“And perhaps a more important, and bigger, question: why didn’t Fama and French include momentum in either their three or five factor models? They know it’s there. They know it’s a thing.”
“The answer, because there is almost no possible risk explanation for momentum. The behavioral guys have plenty of reasons. They have common sense, intuitive reasons; motives like loss aversion, confirmation bias, anchoring and herding. Even Fama himself has admitted that momentum ‘is an embarrassment to the theory.’ Momentum isn’t embarrassing for Narasimhan Jegadeesh, Sheridan Titman, Cliff Asness, or Mark Carhart. Momentum isn’t embarrassing for those who know that behavioral finance hasn’t been a failure. For those guys, momentum is beautiful.”
Very cool questions. Thank you. I respect and appreciate your frank communication. It is only through frank communication will I learn where my arguments fall short.
I’ve been thinking about the same questions for 20 years ever since I started to do research in 1999 as a second-year Ph.D. student at Wharton. In what follows, I summarize my current, still evolving thoughts. I think I have reasonable answers. Again, in no way I think my answers are perfect. Please feel free to let me know where I screw up. So I can try to improve going forward.
Momentum is a success story for the investment CAPM. As shown in the table below, UMD can be explained by the q-factor model in Hou, Xue, and Zhang (2015). The average return of UMD is 0.64% per month in the 1967-2018 sample, but its q-factor alpha is only 0.14%, with an insignificant t-value of 0.61. The return on equity (Roe) factor plays a major role in explaining UMD. The evidence shows that momentum is a noisy version of our Roe factor.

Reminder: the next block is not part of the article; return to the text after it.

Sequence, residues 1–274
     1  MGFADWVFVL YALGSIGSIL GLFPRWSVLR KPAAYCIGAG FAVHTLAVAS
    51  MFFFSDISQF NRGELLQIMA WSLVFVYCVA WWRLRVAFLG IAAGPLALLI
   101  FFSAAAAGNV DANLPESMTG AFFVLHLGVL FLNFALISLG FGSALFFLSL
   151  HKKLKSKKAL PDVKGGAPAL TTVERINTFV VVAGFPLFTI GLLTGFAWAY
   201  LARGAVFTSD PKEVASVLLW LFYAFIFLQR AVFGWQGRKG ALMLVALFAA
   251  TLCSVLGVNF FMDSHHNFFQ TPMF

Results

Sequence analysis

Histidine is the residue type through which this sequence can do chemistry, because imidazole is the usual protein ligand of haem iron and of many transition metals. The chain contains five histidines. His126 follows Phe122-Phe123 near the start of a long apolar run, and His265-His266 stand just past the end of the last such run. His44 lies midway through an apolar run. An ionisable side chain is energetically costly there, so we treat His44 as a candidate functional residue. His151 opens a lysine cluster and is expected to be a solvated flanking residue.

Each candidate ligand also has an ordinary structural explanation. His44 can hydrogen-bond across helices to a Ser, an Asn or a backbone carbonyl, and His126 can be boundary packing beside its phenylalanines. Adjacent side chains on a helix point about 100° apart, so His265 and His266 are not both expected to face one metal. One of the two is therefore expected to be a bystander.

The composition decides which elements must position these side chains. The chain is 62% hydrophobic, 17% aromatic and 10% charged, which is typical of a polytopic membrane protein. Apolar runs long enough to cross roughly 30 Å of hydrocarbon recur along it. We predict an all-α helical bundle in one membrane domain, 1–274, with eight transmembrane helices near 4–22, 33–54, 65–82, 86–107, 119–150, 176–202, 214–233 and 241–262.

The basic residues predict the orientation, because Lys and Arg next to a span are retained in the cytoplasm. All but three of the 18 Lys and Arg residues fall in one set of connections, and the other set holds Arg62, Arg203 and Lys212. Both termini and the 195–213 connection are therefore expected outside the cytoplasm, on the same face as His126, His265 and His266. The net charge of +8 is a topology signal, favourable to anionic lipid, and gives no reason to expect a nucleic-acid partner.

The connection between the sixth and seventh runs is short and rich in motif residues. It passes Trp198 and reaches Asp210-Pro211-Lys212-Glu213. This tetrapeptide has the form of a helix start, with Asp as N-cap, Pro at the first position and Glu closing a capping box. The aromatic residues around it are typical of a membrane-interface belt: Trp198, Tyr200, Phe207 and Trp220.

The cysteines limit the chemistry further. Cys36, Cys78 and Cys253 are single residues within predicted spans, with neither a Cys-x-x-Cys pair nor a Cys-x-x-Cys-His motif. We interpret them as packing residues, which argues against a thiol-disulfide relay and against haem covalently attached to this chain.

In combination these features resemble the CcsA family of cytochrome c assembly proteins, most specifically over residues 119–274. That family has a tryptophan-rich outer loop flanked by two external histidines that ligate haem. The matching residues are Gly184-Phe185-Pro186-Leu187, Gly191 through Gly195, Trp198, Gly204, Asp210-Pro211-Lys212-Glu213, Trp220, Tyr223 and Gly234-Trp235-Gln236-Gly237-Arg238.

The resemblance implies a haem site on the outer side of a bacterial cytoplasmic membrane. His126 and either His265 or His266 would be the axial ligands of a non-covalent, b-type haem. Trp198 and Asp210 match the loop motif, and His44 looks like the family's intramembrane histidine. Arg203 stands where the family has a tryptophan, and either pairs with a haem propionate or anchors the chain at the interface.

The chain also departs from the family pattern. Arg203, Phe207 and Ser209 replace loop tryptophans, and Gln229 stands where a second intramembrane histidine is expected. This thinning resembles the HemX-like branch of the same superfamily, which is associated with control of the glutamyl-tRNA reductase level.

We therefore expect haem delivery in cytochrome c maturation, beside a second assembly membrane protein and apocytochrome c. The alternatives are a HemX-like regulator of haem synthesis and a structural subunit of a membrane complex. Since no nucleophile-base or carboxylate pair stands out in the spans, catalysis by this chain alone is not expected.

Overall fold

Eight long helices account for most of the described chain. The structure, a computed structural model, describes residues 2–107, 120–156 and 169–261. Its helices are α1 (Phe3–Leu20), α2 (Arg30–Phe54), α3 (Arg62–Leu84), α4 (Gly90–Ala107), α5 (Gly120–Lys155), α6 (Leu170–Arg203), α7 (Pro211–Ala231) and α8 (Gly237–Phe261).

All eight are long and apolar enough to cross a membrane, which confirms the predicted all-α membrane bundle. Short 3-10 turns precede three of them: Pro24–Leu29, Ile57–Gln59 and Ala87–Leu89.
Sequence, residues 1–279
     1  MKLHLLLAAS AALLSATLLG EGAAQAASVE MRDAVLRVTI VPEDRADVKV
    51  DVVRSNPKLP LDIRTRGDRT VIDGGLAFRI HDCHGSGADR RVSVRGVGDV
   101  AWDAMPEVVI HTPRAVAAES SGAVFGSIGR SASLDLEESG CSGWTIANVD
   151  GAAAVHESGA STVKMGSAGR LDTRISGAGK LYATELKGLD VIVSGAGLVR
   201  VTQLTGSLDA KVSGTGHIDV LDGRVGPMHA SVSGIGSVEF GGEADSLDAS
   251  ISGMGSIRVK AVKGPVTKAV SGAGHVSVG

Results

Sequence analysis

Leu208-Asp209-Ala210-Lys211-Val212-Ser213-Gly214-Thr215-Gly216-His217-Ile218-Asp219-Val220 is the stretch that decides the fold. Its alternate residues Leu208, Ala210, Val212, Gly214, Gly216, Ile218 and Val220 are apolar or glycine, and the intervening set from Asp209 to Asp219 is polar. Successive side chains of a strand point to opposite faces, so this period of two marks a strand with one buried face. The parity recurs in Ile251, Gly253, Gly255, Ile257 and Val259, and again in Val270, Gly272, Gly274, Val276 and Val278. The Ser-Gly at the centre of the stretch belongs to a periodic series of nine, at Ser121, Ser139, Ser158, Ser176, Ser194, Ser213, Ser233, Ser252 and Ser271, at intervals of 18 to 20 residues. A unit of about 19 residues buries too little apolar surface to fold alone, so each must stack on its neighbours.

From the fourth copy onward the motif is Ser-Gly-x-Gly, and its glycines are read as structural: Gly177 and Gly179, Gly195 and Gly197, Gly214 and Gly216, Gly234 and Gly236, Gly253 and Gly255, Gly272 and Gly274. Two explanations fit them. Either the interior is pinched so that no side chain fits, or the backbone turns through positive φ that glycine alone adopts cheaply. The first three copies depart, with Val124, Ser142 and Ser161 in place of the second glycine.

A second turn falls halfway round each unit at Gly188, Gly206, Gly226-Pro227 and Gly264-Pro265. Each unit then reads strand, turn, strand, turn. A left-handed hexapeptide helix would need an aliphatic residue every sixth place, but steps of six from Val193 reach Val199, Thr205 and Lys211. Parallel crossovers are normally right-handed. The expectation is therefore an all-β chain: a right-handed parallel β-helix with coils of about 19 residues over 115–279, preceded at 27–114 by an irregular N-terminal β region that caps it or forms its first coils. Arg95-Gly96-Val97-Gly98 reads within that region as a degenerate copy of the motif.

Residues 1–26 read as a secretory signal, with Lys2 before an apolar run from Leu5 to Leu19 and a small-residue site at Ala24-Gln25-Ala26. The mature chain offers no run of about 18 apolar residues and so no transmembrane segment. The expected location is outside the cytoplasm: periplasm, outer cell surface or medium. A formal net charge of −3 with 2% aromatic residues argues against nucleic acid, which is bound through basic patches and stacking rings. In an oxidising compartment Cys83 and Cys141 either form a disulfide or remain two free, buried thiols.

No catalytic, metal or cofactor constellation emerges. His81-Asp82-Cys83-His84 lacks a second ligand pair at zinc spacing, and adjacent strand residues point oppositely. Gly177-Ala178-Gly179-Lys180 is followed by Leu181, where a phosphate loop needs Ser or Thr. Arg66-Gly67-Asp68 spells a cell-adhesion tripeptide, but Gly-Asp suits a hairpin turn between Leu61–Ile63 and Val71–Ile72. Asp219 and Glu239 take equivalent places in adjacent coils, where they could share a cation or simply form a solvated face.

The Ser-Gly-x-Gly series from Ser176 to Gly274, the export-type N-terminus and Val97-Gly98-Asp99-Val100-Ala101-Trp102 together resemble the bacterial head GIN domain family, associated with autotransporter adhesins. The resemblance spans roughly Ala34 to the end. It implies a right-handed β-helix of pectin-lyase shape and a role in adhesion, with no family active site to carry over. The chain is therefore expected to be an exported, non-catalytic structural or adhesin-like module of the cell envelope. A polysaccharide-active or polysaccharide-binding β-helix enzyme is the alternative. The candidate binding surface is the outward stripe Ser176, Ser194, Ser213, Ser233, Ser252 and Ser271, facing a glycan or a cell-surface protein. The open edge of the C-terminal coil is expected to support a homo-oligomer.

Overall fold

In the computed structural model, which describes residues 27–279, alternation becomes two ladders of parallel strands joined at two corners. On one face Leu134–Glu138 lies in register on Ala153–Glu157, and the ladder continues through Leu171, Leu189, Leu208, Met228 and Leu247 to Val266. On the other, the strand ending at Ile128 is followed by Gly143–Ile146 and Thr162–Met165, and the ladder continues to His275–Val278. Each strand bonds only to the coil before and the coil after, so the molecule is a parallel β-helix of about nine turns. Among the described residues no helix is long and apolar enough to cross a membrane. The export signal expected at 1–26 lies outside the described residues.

Intuitively, the Net Present Value rule in capital budgeting says that high expected Roe relative to low current investment should imply high costs of capital (expected returns). And current Roe is a proxy for the expected Roe. That’s it.
The difficulty arises as for what risks lurk behind momentum. I could follow Fama and French (1993) and call the q-factor loadings risk measures. And it will be correct from a statistical standpoint such as APT. But from an economic standpoint, I feel that a more precise interpretation of the q-factor model should be a linear factor approximation of the nonlinear characteristic model of the investment CAPM (Lin and Zhang 2013; Zhang 2017).
However, I acknowledge that the investor-side CAPM and the supplier-side CAPM should be internally consistent. While the supplier-side CAPM is worked out in theory and in the data, it would be better if it can be demonstrated what exactly the risks are lurking behind the investor-side CAPM, at least conceptually.
There are a few rational models floating around at this point, such as Johnson’s (2002) expected growth and Sagi and Seasholes’s (2004) growth options. And I have done a few econometric studies that link momentum to expected investment growth (Liu and Zhang 2014; Goncalves, Xue, and Zhang 2019). Intuitively, momentum winners have higher expected growth than momentum losers. And the expected growth is risky (to the extent that it might not be materialized).
However, an important weakness of the current theoretical literature is that it lacks a unified equilibrium theory of value and momentum together. Li (2018) is the only example I can think of. We should work more to figure out the exact sources of risks behind expected growth (and momentum and Roe factors).
In short, momentum is not a problem per se from the supply-side investment CAPM. Alas, a significant gap in our knowledge exists in terms of exactly how momentum can be consistent with the consumption CAPM in a fully specified model. As challenging as it is, I don't view it as insurmountable, however.